Estrella (Star) Cui del Mar

        I have heard many times the saying “life is what you make of it” and “everything that happens in your life is your choice”.  For the most of my life, these were true but there were also several times in my life that I allowed things to run its course without my doing anything about it.  One of those times was my Dei Verbum Course in Nemi, outside Rome in Italy.  It was a five-month stay-in course and I would be part of the first batch in 1987 July-December.  I was hesitant since it would be my first time to get out of my country.  I have difficulty in breathing inside the plane if I stay for a longer time since I am claustrophobic.  And I cannot breathe in the dark!

        The Archbishop of Freiburg at that time, offered to pay for my tuition and board & lodging thru the request of Fr. Willi.  Tante Laura Meder of Germany offered to pay for my round trip ticket.  I was accepted by the Nemi staff running the course.  Everything was in order.  In addition to that, I could visit other countries in Europe like Germany, Switzerland, Austria and France to meet our Benefactors from Institutions and private individuals too.  It was really a great opportunity to study (the professors were selected from different countries), learn from other cultures since the participants were coming from different countries,  to meet new friends, explore the world and see more wonders of God’s creation!  And I did not want to go!

        Bishop Benny Tudtud, DD (Bishop of Marawi at that time) came to CLFC to give a retreat to priests in 1986.  Our staff was scandalized by the behaviour of a previous group of priests who stayed at CLFC while I was at EAPI in Ateneo, Quezon City for a summer course.  So before they started the retreat, I requested to speak to the priests.  I told them the behaviours of the priests before them that scandalized my staff. I gave them a few areas of concern from the lay’s perspective on the responsibilities of the clerics as church leaders being looked up as guide & models by the laypeople.  After I talked to them, Bishop Tudtud told the priests: “You have heard enough for this retreat.  Now you can go home and continue your reflections in your parishes!” I was shocked to hear him say that.  I left them and he took over to facilitate the retreat that lasted for a week.  True enough, that group was the opposite of the previous group.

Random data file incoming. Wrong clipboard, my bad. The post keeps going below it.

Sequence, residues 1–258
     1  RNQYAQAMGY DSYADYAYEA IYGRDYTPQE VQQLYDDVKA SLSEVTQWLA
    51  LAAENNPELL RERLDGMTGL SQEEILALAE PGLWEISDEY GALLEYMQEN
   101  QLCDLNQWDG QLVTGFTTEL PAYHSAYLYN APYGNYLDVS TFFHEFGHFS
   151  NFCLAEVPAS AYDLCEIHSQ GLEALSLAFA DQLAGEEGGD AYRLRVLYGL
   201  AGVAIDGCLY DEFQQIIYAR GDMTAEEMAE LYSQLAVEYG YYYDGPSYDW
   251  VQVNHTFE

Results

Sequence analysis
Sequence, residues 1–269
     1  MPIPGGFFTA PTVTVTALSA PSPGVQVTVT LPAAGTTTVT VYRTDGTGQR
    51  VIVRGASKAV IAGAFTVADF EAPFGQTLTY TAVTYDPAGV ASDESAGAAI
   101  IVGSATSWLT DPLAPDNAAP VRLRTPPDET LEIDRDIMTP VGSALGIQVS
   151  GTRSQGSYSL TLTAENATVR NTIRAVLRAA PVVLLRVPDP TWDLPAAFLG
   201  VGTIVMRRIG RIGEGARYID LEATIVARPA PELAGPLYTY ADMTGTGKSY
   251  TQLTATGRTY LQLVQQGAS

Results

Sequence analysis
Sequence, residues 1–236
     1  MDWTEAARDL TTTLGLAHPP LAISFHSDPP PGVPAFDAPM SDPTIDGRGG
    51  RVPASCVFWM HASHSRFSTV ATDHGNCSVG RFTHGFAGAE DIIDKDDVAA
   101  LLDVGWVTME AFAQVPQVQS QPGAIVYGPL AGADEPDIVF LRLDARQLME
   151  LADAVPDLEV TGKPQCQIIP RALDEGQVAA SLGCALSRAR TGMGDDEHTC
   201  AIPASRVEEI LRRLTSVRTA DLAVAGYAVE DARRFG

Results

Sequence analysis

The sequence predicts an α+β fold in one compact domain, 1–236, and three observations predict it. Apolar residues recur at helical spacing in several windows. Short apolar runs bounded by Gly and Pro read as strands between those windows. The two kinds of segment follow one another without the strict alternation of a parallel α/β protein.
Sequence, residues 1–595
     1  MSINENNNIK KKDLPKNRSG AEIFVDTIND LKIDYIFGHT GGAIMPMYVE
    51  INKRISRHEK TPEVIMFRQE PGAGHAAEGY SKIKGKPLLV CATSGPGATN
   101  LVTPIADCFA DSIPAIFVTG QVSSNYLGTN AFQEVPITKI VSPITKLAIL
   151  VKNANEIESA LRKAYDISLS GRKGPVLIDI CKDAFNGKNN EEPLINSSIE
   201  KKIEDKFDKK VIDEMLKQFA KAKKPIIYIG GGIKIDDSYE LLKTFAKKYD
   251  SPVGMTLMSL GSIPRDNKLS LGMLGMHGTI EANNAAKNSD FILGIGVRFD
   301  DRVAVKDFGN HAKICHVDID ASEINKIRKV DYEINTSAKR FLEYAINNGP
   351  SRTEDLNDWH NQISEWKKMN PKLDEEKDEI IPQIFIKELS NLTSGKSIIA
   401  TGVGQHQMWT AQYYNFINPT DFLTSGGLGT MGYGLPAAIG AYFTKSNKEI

Bishop Benny Tudtud, DD (1931-1987)

        Bishop Benny and I talked a lot and became friends.  He ate with us at our staff quarters.  He did not join the retreatants for meals.  He washed all the dishes after we ate. He was a very simple man.  I was astonished by his personhood: his simplicity, humility, kindness, humor & love for peace and the poor.  He was like our father taking care of his children in his house.  He was so at home with domestic work.  I could not imagine that I was facing a Bishop. He surprised me when he took the risk of allowing me to give him a haircut.  It was my first time to do a haircut for men. Ha ha! While cutting his hair, I asked him why Bishops wear a heavy head dress called a mitre.  He answered that “it is to cover an empty head!” And we both laughed!  I did not expect to hear that answer from a Bishop.  He said he did not want to wear it.  And I was quick to add “because your head is not empty!” And we both laughed!

        Bishop Tudtud can easily make you feel comfortable in his presence.  He spoke softly and plainly.  He was an expert in “Dialogue” not so much as a meeting of minds but as a meeting of hearts.  His mission in Mindanao was to unite the Muslims and Christians.  (His sharing helped me later in my interreligious dialogue with people of other faiths in my travels abroad.)

        The few days with Bishop Tudtud was like listening to a guru every day.  I felt that I was talking and listening to a living Saint.  He was not an ordinary person though he considered himself very ordinary.